Discordance entre notre génomique et l'alimentation industrielle: les solutions
About the wide gap between our genomics and present diet
samedi 25 août 2012
Savez vous ce que signifie Grassfed meat?
Diet has a profound effect on the health of an animal and the meat it produces.
Why settle for organic meat when you can have better?
Meat from animals fed exclusively grass is nutritionally superior. Consumers have been led to believe that organic meat has some kind of nutritional advantage. In other words, it's not important what an animal eats as long as it's organic. This is not true.
Less fat: Grass-fed meat has about the same amount of fat as skinless chicken or wild deer or elk. (See a comparison of fats in various meats)Lowers cholesterol: When meat is this lean, it actually lowers your LDL cholesterol levels. Fewer Calories: Leaner meat is also lower in calories More Omega 3: Although grass-fed meat is low in "bad" fat, it gives you from two to six times more of a type of "good" fat called "omega-3 fatty acids. (Benefits of Omega-3). The CLA Bonus: The meat and milk from grass-fed ruminants are the richest known source of another type of good fat called "conjugated linoleic acid" or CLA. When ruminants are raised on fresh pasture alone, their milk and meat contain as much as five times more CLA than products from animals fed conventional diets.–12. CLA is believed to be a powerful defense against cancer. Vitamin E: The meat from grass-fed animals is higher in vitamin E. In humans, vitamin E is linked with a lower risk of heart disease and cancer. This potent antioxidant may also have anti-aging properties. (See a comparison of Vit-K content in grass-fed versus grain-fed beef)Vitamin K2: Vitamin K2 is essential for healthy teeth and can be found most in the meat and dairy from ruminant animals. Humans are capable of converting only a small percentage of vitamin K1 into K2, while cows can convert K1 from grass much more efficiently into vitamin K2 making grass-fed animal products an important part of our diet.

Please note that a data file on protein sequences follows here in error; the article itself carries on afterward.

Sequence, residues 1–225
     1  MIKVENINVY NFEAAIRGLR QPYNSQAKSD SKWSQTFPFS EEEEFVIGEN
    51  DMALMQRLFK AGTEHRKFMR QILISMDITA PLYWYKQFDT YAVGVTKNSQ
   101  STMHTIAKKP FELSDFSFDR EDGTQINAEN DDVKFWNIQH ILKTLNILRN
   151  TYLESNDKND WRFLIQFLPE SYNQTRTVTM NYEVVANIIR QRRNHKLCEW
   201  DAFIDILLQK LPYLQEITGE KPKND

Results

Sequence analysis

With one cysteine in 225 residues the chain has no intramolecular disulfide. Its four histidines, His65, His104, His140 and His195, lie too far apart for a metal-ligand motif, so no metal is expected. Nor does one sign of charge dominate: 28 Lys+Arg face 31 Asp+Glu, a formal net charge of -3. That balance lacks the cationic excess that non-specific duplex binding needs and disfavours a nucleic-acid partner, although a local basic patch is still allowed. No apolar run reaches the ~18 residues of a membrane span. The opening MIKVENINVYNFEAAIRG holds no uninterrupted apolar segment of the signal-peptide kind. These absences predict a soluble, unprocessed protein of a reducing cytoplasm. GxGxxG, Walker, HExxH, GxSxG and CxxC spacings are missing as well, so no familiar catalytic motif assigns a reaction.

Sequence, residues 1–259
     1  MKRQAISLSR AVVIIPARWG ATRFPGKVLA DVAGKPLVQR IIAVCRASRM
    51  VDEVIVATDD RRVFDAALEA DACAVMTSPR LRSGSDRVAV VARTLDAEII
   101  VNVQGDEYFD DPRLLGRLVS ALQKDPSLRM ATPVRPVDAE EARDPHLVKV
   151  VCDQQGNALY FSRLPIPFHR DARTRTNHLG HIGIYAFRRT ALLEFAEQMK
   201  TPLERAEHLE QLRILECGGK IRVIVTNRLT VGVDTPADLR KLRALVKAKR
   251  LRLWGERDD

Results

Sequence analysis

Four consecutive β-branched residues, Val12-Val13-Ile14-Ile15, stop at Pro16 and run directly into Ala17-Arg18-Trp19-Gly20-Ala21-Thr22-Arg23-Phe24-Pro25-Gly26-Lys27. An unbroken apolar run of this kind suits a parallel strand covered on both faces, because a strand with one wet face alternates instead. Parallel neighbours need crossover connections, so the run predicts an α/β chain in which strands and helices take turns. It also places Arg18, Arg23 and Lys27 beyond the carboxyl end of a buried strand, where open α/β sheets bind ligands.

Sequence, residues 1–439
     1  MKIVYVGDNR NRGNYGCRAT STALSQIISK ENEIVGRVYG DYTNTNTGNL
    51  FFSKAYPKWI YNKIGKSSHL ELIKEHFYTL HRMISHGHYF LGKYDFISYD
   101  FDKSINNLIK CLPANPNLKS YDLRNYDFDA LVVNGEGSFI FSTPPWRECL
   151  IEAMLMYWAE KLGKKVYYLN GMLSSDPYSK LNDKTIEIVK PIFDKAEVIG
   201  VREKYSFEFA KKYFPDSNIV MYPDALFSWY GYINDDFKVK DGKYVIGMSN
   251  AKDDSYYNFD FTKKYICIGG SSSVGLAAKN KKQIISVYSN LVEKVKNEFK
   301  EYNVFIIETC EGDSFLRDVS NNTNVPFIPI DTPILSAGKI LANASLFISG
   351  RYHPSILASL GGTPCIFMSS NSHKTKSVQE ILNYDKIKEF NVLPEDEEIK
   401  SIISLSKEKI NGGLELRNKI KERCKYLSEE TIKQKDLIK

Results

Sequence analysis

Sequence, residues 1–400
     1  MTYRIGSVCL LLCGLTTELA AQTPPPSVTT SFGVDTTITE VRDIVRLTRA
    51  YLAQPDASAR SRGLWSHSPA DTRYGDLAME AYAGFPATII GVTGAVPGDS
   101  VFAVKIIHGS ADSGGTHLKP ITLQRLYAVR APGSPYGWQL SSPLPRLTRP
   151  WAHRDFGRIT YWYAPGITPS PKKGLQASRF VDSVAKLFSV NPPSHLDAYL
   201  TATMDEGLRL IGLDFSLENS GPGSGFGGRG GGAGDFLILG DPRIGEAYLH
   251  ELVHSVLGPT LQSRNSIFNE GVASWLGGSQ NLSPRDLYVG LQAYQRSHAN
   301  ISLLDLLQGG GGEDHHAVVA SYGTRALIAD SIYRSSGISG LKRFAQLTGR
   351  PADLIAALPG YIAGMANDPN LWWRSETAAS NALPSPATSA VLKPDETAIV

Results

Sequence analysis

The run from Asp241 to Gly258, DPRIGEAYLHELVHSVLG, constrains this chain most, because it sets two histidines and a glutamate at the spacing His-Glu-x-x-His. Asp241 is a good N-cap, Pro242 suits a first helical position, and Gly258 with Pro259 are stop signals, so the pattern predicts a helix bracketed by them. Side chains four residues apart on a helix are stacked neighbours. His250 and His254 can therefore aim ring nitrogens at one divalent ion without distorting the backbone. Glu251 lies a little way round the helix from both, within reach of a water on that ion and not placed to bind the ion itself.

Many farmers claim their cattle are pasture fed and many usually are.
So what’s the hype? Grass-fed is not enough. It’s important that the cattle are not only grass-fed and raised but grass finished as well. This phase, which lasts 3 to 4 months before butchering, is probably the most crucial of all. A mere 3 months of grain feeding without grass dramatically changes the nutritional profile of the meat. Take a look at a comparison of the change in (Omega-3 content of cattle fed grains in the finishing phase)
An analysis of the effect of grain- or grass- finishing systems on the nutritional composition of beef, particularly comparing lean meat from grain- and grass- fed animals, revealed that grass-fed product had:
Increased moisture content Decreased total lipid content by 43% 288% greater vitamin E content 54% greater b-carotene content Twice as much riboflavin Three times as much thiamin 30% more calcium 5% more magnesium Roughly the same amount of omega-6 PUFA Three times the omega-3 PUFA
Dysnutrition: une vision globale et évolutionniste de la nutrition humaine
A global and evolutionary approach of human diet
D'un point de vue évolutionniste l'alimentation des humains a connu depuis 100 ans des transformations inconnues pendant les millions d'années qui ont précédé notre ère. Ces transformations résultent de l'industrialisation et de l'utilisation de végétaux et d'animaux non sauvages profondément transformés pour en faire des produits alimentaires. Un grand nombre de ces produits ne sont adaptés ni à notre physiologie ni à notre génomique et produisent des pathologies chroniques même s'ils permettent un apport calorique stable voire excessif pour les pays industrialisés et émergents. Toute la problématique est là. Analyser comment ces transformations bouleversent nos régulations cérébrales et générales et entraînent l'obésité, le diabète, la majorité des cancers, l'athérome et les démences chez certains d'entre nous.